American Express reported quarterly earnings that were in-line with Wall Street's forecasts, but revenue came in just shy of estimates as cardmember-spending growth remained muted for the second quarter in a row.
The company reported its earnings rose 1 percent to $1.25 billion, or $1.09 a share, in the third quarter from $1.24 billion, or $1.03 per share, in the year-earlier period.
Revenue grew at its slowest rate in 11 quarters, increasing 4 percent to $7.86 billion from $7.57 billion a year ago. The rise was driven in part by an 8 percent rise in cardmember spending in the U.S. and 6 percent globally.
That 8 percent jump, however, was still below the double-digit growth the company had posted for the nine preceding quarters, a reflection that the company's American cardholders, mostly affluent consumers, have reined in their spending.
"It represents slower growth than we were generating earlier in the year, a trend that we are seeing among major card issuers, " Chief Executive Kenneth Chenault said in a statement.
Analysts had expected American Express to post earnings of $1.09 a share on $7.90 billion in revenue, according to a consensus estimate from Thomson Reuters.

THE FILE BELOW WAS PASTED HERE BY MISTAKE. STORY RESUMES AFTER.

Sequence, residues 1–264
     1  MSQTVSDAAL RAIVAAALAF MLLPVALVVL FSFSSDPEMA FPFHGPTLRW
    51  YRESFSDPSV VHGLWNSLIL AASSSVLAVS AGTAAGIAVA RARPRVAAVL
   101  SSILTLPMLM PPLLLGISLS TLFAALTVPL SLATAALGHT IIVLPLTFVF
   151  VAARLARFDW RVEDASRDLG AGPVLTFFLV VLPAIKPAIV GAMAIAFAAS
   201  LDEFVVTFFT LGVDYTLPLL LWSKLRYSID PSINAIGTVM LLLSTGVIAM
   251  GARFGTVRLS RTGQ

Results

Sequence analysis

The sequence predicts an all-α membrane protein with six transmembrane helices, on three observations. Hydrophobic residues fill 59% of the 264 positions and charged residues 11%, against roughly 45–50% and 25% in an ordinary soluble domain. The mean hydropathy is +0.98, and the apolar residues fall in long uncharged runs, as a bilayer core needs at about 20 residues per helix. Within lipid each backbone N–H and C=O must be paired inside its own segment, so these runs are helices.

The company has the lowest delinquency rate among the large credit-card companies, including JPMorgan Chase, Discover Financial Services, Capital One Financial, Bank of America, and Citigroup .
But it set aside $479 million to cover future bad loans, reflecting its larger lending portfolio, 92 percent more than it provisioned last year.
"We didn't have the same benefit from substantial reserve releases as last year when write-offs and delinquencies were declining at a faster rate, " Chenault said.
American Express, which lends directly to consumers and also competes with Visa and MasterCard to process credit-card transactions, said global network and merchant-services revenue grew 5 percent to $1.3 billion.